The Year of Kenobi: Jedi Apprentice #5 – The Defenders of the Dead

Missed a post? Catch up on The Year of Kenobi here.

Damn, the one-two punches really don’t stop, do they? At this point I need to stop being surprised when this series brings the roller coaster of angst and plot. I am objectively aware that books for younger readers can absolutely sustain a mature, long-running plot but I continue to be impressed by the serialized nature of these books. only a quarter of the way through and this one brings with it a huge status quo change. Let’s get right to it: Jedi Apprentice #5 – The Defenders of the Dead by Jude Watson.

The Story

Following their success in ensuring a peaceful political transition on Gala, Qui-Gon Jinn and Obi-Wan Kenobi fly out to Melida/Daan, a world that has been embroiled in centuries of conflict resulting in a schism of the people living there. They now live as two groups, the Melida and the Daan, neither of whom can remember what caused the conflict to begin with.

Qui-Gon and Obi-Wan are sent to retrieve a fellow Jedi, Tahl, whose attempts to help broker a peace just got her taken by one of the warring groups. When they arrive on Melida/Daan, they are immediately swept up into the conflict themselves, at the mercy of partisan adults who have forgotten what it is they fight for and are driven only by a compulsive need to win at any cost.

The Master and Padawan are taken in by a group known as the Young, teenagers who all lost their families to the fighting one way or another. Obi-Wan becomes fast friends with their leaders Nield and Cerasi and becomes increasingly invested in their cause and fight for peace, much to Qui-Gon’s growing concern.

Thoughts and Impressions

When I talk about how impressed I am with the maturity of this series, stuff like this is what I mean. The Melida/Daan conflict is one with no easy answer, mostly because anyone still alive to experience it wasn’t born when it began. They inherited an old fight that wasn’t theirs and grew up knowing only conflict. The same can be said for the children who now make up the Young, who also grew up knowing only conflict, and who seek to break the cycle. The problem is that these kids only know so much, and in trying to change the system wind up just perpetuating it.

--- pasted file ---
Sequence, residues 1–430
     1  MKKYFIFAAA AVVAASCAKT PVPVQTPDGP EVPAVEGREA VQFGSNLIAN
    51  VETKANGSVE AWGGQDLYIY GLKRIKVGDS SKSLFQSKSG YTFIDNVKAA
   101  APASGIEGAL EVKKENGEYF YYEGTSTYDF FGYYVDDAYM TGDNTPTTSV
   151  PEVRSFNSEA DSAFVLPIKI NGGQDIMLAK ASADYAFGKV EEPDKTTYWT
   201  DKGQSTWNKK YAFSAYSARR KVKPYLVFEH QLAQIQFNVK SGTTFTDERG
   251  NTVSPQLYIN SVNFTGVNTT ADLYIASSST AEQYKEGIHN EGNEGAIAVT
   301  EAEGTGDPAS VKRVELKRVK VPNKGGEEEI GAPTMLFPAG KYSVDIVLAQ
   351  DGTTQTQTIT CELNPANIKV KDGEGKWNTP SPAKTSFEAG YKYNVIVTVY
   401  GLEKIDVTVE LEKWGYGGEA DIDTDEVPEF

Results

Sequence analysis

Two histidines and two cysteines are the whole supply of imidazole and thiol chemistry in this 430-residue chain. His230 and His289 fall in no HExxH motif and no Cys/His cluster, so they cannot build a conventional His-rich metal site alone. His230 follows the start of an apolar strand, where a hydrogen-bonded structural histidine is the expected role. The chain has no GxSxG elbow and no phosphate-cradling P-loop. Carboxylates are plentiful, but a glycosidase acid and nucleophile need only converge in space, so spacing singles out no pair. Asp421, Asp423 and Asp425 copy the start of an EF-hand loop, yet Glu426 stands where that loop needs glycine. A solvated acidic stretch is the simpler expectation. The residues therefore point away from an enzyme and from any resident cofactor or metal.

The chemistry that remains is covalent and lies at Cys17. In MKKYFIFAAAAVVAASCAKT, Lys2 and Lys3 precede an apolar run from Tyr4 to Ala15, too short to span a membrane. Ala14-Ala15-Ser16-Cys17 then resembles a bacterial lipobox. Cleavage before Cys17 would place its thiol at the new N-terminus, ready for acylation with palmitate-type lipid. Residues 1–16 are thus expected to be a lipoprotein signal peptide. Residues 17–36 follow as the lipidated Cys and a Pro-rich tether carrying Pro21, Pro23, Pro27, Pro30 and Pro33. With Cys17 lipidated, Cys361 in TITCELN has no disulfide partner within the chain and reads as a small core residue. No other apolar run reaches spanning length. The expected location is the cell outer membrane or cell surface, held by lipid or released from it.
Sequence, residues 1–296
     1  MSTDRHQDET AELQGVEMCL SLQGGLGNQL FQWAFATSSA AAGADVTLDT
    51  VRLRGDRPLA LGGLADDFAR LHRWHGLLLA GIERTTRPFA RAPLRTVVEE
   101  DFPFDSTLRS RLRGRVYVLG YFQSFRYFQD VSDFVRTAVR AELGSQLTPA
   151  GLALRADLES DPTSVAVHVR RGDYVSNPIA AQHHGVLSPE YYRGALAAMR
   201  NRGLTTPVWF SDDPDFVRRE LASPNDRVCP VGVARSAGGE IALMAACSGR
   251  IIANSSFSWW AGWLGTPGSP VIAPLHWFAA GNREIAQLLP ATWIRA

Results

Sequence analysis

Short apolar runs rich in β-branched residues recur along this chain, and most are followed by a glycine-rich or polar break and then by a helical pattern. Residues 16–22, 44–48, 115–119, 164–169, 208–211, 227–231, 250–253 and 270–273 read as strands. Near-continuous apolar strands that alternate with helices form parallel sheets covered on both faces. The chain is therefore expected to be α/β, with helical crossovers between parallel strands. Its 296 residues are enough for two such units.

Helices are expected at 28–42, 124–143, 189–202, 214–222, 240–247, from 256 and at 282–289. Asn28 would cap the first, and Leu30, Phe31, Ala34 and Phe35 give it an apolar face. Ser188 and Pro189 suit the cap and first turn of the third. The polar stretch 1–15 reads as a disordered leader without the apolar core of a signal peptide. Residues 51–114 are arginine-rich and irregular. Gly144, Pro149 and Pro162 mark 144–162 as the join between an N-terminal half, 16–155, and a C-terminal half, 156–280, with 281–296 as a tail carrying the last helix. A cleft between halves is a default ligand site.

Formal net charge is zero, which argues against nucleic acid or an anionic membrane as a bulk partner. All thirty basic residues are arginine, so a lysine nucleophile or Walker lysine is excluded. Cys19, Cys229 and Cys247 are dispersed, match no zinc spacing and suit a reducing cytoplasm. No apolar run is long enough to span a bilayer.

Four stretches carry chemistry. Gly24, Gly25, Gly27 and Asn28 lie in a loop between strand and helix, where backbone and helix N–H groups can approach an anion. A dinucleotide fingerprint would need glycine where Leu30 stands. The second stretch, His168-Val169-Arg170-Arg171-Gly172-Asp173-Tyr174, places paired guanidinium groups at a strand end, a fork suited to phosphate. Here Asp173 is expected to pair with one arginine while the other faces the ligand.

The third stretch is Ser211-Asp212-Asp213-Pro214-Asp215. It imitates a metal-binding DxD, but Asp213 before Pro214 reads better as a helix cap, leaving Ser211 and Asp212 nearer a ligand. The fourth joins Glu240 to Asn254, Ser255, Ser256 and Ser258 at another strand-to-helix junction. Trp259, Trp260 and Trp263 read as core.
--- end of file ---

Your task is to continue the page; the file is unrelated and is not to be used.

Obi-Wan continues to display that kind of youthful energy and attitude that we all know will be under control by the time he reaches adulthood. I imagine it’s why he’s so patient with Anakin later on. But what we get a sense of here is Obi-Wan’s kindness and his heart already in full bloom. He helps out Neild and Cerasi, in defiance of what Qui-Gon tells him he can and can’t do, and he does so knowing he isn’t allowed but believing rather that the rules are wrong, or at the very least open to interpretation.

It might look like this is the kind of compassion and rebellion that gets crushed as Obi-Wan gets older, but I personally don’t see it that way. Even though adult Obi-Wan tries his best to lead with his head and not his heart, he cannot ever fully separate the two. His compassion is what winds up causing problems for him down the line, and apparently this has just always been a problem for him. Well, some might see it as a problem, I certainly don’t.

What was really interesting to me, though, is how Qui-Gon Jinn is depicted. Popular conversation around Qui-Gon often paints him as the rebel Jedi. The rule breaker. So it was deeply amusing to me to see him be the stick in the mud this time around. Obi-Wan wants to break with the councils orders, and Qui-Gon is the one calling for a return to Coruscant for due process. Due process? Sir, who are you? I’m sure one of the later books will touch on why this instance was different – Obi-Wan even calls him on breaking rules only when convenient – or maybe he’ll realize Obi-Wan was right. Either way, I was not expecting the stark role reversal.

What’s Next

The book ends with Qui-Gon and Tahl en route to Coruscant, with Obi-Wan staying behind on Melida/Daan to fight alongside the Young. Qui-Gon tells him that he is no longer a Jedi, something which affects young Obi-Wan very deeply. Obviously we have several more books to go, so this is clearly not going to stick, but they really are packing on the weight of emotions with these two.


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